I think you're going to get some of the similar split in Illinois that we've seen nationwide, across kind of your typical sort of Bernie Sanders supporters and your Joe Biden supporters. I wouldn't be surprised if in the counties around Chicago, and even maybe Champaign-Urbana, where you might get a kind of concentration of Bernie Sanders supporters, and then in sort of more rural parts of the state, you might get some Joe Biden supporters.
I think there are going to be some people who are going to continue to vote for Amy Klobuchar or Pete Buttigieg or Elizabeth Warren, because they're still on the ballot. The ballots have already been printed and at this point, they are making kind of a symbolic statement that this is the candidate they supported and they're not changing their vote, even if those candidates are no longer in the race.
DV: Do you think people are more likely in this election to vote for the candidate they want rather than who they think can win?
MR: I honestly don't know. I think voters are really torn, especially on the more democratic or liberal side, are really torn — and you're seeing this again with Sanders and Biden — between so-called electability [and idealism]. Political science actually has no way of measuring electability. It's one of those things where you're like, “I know it when I see it,” but it's really hard to actually measure an electable candidate.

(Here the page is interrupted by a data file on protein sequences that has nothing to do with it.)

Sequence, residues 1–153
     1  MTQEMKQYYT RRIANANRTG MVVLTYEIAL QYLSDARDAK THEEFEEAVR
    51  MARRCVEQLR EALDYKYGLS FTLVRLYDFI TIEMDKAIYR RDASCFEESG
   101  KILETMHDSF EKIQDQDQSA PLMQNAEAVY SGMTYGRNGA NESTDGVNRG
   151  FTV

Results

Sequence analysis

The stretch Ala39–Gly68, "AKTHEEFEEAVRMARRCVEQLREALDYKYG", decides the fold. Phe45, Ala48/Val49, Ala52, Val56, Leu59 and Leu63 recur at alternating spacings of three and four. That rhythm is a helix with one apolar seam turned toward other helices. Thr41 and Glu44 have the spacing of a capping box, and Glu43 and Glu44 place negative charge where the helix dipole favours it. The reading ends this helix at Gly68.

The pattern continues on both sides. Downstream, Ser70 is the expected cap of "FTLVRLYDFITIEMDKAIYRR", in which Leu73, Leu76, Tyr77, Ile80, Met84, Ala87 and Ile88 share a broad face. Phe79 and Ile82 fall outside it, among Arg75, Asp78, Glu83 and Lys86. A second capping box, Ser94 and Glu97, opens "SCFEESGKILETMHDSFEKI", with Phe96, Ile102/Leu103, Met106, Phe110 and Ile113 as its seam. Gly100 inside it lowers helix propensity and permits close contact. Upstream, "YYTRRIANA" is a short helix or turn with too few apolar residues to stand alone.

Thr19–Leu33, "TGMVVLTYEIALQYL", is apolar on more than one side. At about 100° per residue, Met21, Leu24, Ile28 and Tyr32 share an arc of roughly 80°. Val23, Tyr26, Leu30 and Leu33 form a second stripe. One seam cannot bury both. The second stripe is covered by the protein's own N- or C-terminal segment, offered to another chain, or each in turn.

Bernie Sanders, I think represents the more idealistic: “This is what we want, in theory.” The Biden side is sort of satisficing, you're kind of making do but you think he's got a better chance of beating Donald Trump. Or you think that if Bernie Sanders is on the ticket, that's going to affect the ability of the Democrats to keep the House or to convert the Senate to Democratic control, so you vote for Biden instead.
Depending on what happens on March 10, maybe Joe Biden really has solidified this lead that he's garnered after Super Tuesday and people start to go, “Well, he's gonna win the nomination. So I'm gonna vote for Elizabeth Warren because she's who I wanted originally and I don't want to vote for Bernie Sanders and Joe Biden's going to win no matter what.” They make the calculation, their vote “doesn't matter,” which is never true. But I think that's some of the mental gymnastics people are going to do.
DV: The presidential race is obviously the most prominent contest this election cycle, but is there anything else voters should be keeping an eye on?
MR: The one thing to keep an eye on is the state legislative races, particularly because the people who get elected this year are going to be the people who are doing the redistricting next year. A census is soon to be happening … and that information is going to go to the state legislatures next year. And so whoever ends up being in the state legislature next year … those are the group of people who are going to be doing the redistricting. That redistricting is going to have an impact for the next 10 years.
From that perspective, who wins the state legislature — who has a majority — has the ability to kind of dictate who's doing the drawing of these districts. That's going to be particularly important because Illinois is almost certainly going to lose a seat in Congress. At least one, hopefully not two, but there's a possibility that we could lose a substantial amount of our representation. When you've got fewer districts, that's going to lead to a lot more creative drawing [of legislative maps]. If you are concerned about how that's going to affect the congressional districts, your member of Congress ... you're going to want to pay attention to state legislative races.